Iran has discovered an oil oilfield in the Caspian Sea for the first time in over a century, the Fars news agency reported.
The deposit was found at a depth of 2.5 kilometers (1.5 miles) during drilling on a natural-gas field and may contain 10 billion barrels of crude, according to the National Iranian Oil Co., the news agency reported.
The discovery is the first in the Caspian Sea for 104 years, Fars noted, citing the National Iranian Oil Company.
While Iran is the second-largest oil producer in the Organization of Petroleum Exporting Countries (OPEC), following Saudi Arabia, most existing fields are in the south and the Arabian Gulf.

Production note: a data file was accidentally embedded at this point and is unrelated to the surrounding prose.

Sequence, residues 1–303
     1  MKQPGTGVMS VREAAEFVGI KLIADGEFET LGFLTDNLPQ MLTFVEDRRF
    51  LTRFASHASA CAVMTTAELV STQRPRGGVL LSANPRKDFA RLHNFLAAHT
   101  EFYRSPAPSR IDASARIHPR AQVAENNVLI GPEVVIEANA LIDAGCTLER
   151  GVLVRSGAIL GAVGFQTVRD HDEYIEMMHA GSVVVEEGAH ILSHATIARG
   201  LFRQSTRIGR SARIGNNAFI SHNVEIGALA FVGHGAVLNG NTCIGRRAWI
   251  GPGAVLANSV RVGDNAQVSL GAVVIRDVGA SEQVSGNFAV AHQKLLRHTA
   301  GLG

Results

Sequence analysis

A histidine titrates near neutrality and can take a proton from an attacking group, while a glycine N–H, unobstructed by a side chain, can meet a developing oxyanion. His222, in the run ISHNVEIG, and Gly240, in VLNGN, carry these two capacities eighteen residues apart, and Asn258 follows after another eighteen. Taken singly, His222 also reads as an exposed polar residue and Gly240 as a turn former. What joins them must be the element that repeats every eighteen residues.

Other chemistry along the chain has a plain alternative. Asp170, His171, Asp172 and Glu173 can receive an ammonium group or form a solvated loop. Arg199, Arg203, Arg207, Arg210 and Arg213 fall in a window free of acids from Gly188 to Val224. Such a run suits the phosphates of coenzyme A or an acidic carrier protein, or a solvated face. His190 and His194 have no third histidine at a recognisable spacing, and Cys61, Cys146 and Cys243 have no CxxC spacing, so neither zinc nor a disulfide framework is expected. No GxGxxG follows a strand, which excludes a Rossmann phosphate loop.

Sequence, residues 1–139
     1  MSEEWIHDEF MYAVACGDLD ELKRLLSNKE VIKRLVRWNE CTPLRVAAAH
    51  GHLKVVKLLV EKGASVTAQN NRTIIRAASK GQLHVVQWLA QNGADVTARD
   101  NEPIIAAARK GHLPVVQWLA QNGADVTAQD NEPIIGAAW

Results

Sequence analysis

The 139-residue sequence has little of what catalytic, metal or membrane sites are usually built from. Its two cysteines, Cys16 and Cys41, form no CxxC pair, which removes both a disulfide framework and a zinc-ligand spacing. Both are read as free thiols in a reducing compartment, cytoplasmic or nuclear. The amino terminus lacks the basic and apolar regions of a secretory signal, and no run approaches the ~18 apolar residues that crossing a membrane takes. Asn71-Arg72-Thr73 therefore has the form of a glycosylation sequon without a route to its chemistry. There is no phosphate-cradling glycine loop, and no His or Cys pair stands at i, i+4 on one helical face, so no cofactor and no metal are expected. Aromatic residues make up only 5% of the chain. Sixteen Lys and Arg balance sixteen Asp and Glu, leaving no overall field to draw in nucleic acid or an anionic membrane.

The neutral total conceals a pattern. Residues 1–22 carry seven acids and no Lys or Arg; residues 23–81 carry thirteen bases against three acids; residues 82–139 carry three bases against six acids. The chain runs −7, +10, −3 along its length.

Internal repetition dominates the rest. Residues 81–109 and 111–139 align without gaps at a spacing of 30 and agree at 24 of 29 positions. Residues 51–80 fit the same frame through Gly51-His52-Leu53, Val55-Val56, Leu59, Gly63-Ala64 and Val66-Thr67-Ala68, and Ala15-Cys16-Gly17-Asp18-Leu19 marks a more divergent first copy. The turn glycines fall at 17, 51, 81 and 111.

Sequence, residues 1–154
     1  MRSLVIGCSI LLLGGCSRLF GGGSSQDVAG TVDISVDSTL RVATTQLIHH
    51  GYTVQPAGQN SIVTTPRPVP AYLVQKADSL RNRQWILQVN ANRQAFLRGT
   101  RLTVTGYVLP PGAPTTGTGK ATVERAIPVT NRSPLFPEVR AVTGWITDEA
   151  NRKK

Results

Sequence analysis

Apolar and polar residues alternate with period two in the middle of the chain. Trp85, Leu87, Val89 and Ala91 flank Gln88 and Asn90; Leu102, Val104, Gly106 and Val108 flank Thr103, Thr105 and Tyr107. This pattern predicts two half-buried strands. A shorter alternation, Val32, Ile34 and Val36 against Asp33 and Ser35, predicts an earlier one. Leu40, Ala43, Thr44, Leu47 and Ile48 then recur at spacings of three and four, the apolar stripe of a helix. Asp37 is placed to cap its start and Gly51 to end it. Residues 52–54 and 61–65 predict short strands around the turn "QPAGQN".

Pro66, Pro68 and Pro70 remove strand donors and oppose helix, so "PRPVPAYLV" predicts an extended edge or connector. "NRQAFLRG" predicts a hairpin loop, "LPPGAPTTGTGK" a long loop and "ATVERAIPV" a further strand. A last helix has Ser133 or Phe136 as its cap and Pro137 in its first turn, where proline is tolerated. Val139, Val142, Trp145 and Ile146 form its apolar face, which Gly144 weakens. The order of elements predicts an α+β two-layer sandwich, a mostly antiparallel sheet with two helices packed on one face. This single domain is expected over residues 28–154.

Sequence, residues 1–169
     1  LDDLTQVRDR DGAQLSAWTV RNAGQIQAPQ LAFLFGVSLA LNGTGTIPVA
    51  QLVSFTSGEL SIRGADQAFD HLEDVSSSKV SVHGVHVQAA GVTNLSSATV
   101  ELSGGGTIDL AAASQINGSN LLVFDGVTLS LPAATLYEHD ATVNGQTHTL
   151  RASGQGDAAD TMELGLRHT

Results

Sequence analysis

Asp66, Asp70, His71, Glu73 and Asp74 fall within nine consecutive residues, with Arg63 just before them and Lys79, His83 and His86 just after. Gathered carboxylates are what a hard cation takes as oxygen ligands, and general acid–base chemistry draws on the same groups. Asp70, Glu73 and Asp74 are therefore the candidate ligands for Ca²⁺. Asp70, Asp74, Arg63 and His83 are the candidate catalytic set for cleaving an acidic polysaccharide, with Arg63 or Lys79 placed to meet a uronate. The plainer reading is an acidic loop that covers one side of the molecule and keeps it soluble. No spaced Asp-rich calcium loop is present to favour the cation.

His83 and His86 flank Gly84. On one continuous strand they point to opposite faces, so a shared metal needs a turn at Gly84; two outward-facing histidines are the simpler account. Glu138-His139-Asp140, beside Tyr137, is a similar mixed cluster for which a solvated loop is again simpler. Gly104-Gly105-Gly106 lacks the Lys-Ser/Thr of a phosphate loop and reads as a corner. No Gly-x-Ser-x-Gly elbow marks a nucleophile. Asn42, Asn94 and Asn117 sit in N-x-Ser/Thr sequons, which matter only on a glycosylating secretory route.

The Islamic Republic does not yet extract crude in the Caspian, where nations including Azerbaijan are tapping large deposits and demarcation lines over territorial claims are disputed.
“Iran has never found anything in its section of the Caspian because it’s deep water, so these would be the first wells ever drilled,” said Robin Mills, head of consulting at Dubai-based Manaar Energy Consulting and Project Management. “Ten billion barrels is certainly something to talk about. The question is whether Iran has the technology to develop it.”
Iran currently has proven crude reserves of about 151 billion barrels, according to the OPEC website.